Eamonn Forde: “VR, AR and inside-industry disruption”
Music business technology journalist for The Guardian, The Big Issue and more; Reports Editor at music-tech consultancy Music Ally.
“Post-Napster, all music-industry disruption has come from outsiders – Spotify, YouTube – because, up until now record labels have been run by people scared of technology. If you mentioned an MP3 to a head of a label in 1999 they wouldn’t have had a clue what it was. Disruption happened because people were completely ignorant of the tech: they’d been hanging onto their jobs since the fifties. Now you’ve got a whole generation of digital natives coming in who are incredibly digitally literate. They know that disruption and technology does not stop, they constantly have to stay on top of it if they want to stay in a job. So I think we’ll see controlled disruption from inside the business. If you look at where most of the revenue is coming from today, it’s from live concerts, brand deals and product placements. The Forbes music rich list every year is led by the big acts who tour: Taylor Swift last year [with $170m] and it’ll be U2 this year. Live music has never had much disruption because there are a finite number of tickets, but the current buzz phrase around the industry is that they want to ‘add narrative’. You saw the start of it with Coldplay a couple of years ago, when they gave everyone wristbands that lit up, so the audience became part of these big emotional songs. But it’s when virtual reality and augmented reality come in, as creative outlets within live performances that things get really interesting. Already 360-degree cameras can capture every aspect of a performance for use in VR. And think of what an artist like Björk might do with VR and AR.”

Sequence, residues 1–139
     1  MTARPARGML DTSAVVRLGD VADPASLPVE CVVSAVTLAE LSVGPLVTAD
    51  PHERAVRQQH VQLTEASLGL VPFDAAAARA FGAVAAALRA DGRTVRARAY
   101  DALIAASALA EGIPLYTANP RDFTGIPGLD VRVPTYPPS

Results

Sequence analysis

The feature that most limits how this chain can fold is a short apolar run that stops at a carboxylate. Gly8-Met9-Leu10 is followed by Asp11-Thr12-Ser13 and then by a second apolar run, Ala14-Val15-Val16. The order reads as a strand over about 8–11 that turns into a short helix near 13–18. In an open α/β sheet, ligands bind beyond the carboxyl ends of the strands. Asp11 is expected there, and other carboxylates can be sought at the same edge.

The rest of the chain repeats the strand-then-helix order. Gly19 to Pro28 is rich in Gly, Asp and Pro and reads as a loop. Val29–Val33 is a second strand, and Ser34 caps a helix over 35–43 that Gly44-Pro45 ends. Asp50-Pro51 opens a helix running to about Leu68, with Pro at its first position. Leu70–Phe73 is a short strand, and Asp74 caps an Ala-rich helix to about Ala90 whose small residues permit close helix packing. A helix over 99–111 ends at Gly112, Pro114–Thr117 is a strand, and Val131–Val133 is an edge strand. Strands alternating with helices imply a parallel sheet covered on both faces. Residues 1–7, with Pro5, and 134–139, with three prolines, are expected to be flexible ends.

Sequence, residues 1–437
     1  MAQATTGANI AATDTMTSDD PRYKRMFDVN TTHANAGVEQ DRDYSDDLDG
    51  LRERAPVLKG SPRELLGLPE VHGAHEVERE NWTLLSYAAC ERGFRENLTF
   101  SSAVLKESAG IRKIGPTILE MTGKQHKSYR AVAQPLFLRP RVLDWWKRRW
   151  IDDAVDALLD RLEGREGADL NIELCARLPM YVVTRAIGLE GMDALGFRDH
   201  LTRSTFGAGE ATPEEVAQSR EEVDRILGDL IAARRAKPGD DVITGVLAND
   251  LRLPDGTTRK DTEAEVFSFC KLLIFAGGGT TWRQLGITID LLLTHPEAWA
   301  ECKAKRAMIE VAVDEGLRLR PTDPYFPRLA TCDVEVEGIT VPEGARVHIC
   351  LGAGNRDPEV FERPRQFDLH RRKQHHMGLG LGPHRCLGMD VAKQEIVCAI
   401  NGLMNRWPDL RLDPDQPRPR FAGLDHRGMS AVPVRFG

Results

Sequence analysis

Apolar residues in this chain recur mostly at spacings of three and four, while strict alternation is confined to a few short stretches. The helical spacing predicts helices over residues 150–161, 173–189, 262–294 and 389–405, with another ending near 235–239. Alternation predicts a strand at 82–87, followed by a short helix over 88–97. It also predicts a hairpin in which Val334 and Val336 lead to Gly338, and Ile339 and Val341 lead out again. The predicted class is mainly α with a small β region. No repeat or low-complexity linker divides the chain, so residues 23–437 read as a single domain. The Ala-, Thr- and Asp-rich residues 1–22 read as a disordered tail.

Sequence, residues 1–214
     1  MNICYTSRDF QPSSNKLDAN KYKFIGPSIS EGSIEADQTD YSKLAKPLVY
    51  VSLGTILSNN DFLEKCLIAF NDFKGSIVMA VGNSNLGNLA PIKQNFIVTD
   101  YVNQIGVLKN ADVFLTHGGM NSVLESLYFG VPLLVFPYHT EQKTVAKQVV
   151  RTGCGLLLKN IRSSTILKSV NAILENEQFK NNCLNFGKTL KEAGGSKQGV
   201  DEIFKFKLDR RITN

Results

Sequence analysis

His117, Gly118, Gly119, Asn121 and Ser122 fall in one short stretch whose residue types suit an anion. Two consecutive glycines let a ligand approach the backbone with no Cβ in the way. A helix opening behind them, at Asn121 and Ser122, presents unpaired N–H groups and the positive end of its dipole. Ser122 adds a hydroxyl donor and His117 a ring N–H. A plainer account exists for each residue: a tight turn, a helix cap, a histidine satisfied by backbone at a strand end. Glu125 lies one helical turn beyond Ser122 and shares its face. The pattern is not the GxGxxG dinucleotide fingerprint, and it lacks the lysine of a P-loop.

Jeremy White: “the connected home”
Gear and Product Editor, Wired UK. Former editor at Financial Times: How To Spend It and Esquire.
“People don’t realise that streaming is now the recorded music industry’s biggest source of revenue – albums sales are down, downloads are down, but streaming has grown by 60 per cent in the last year. It means more artists are self-releasing and cutting out the middlemen. For example, Frank Ocean basically hoodwinked his label Def Jam into releasing a ‘visual album’ Endless on Apple Music as part of his contract and then self-released [actual new music album] Blonde, denying Def Jam their cut of the profits. You’re going to see that more and more. Over the past few years, the likes of Apple, Amazon and Tidal have signed up artists’ who work exclusively for their particular platform. The benefits are obvious: lots of promotion and it drives subscriptions. However, it also encourages piracy and I think you’ll stop seeing the industry doing this sort of thing. There are currently 100 million subscribers to paid streaming services. That’s a lot of people, but when you consider there are 325m people in the US alone, there’s plenty of room for growth. Now you’ve got the likes of Amazon Echo and Google Home with connected speakers. You can just talk to these devices and say ‘Play the new album by Metallica’, or whatever you like. Streaming away from mobile technology in the connected home will be a big driver of change in the industry.”